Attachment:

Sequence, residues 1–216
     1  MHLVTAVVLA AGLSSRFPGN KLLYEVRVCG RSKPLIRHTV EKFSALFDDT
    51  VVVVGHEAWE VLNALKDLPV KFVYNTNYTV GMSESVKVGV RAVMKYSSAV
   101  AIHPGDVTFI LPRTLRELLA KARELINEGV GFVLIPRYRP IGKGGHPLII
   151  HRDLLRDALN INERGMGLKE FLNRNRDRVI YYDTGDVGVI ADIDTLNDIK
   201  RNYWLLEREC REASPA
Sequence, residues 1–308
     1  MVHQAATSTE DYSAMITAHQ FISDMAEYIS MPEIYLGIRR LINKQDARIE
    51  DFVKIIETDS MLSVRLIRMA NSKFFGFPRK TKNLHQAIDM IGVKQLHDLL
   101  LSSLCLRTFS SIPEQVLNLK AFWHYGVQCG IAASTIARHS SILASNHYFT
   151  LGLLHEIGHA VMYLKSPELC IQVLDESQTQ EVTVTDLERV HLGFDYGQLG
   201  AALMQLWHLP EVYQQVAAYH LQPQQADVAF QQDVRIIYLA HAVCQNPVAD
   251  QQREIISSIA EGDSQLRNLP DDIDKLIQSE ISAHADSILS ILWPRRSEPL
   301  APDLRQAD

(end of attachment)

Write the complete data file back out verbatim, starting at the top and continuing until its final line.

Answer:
Sequence, residues 1–216
     1  MHLVTAVVLA AGLSSRFPGN KLLYEVRVCG RSKPLIRHTV EKFSALFDDT
    51  VVVVGHEAWE VLNALKDLPV KFVYNTNYTV GMSESVKVGV RAVMKYSSAV
   101  AIHPGDVTFI LPRTLRELLA KARELINEGV GFVLIPRYRP IGKGGHPLII
   151  HRDLLRDALN INERGMGLKE FLNRNRDRVI YYDTGDVGVI ADIDTLNDIK
   201  RNYWLLEREC REASPA
Sequence, residues 1–308
     1  MVHQAATSTE DYSAMITAHQ FISDMAEYIS MPEIYLGIRR LINKQDARIE
    51  DFVKIIETDS MLSVRLIRMA NSKFFGFPRK TKNLHQAIDM IGVKQLHDLL
   101  LSSLCLRTFS SIPEQVLNLK AFWHYGVQCG IAASTIARHS SILASNHYFT
   151  LGLLHEIGHA VMYLKSPELC IQVLDESQTQ EVTVTDLERV HLGFDYGQLG
   201  AALMQLWHLP EVYQQVAAYH LQPQQADVAF QQDVRIIYLA HAVCQNPVAD
   251  QQREIISSIA EGDSQLRNLP DDIDKLIQSE ISAHADSILS ILWPRRSEPL
   301  APDLRQAD